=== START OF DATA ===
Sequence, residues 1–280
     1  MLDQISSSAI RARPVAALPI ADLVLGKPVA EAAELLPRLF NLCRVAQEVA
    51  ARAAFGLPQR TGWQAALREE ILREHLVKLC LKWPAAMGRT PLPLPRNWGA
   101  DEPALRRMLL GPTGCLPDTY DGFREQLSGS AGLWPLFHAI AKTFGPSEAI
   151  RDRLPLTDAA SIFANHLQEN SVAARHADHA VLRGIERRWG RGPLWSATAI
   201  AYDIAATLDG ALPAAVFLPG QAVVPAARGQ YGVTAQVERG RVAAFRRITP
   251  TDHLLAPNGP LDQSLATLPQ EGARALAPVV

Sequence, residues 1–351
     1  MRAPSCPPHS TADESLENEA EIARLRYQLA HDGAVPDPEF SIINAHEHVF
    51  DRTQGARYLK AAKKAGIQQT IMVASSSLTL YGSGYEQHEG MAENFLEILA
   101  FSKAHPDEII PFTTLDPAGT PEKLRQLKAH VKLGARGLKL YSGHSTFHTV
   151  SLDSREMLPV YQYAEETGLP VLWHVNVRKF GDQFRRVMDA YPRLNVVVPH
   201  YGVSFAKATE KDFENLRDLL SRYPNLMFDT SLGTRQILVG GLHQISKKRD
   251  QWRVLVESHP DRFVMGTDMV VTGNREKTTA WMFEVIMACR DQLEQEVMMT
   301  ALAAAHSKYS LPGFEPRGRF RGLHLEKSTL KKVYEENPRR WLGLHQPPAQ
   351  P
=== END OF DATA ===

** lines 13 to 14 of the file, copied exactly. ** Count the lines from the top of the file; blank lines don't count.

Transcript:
   201  YGVSFAKATE KDFENLRDLL SRYPNLMFDT SLGTRQILVG GLHQISKKRD
   251  QWRVLVESHP DRFVMGTDMV VTGNREKTTA WMFEVIMACR DQLEQEVMMT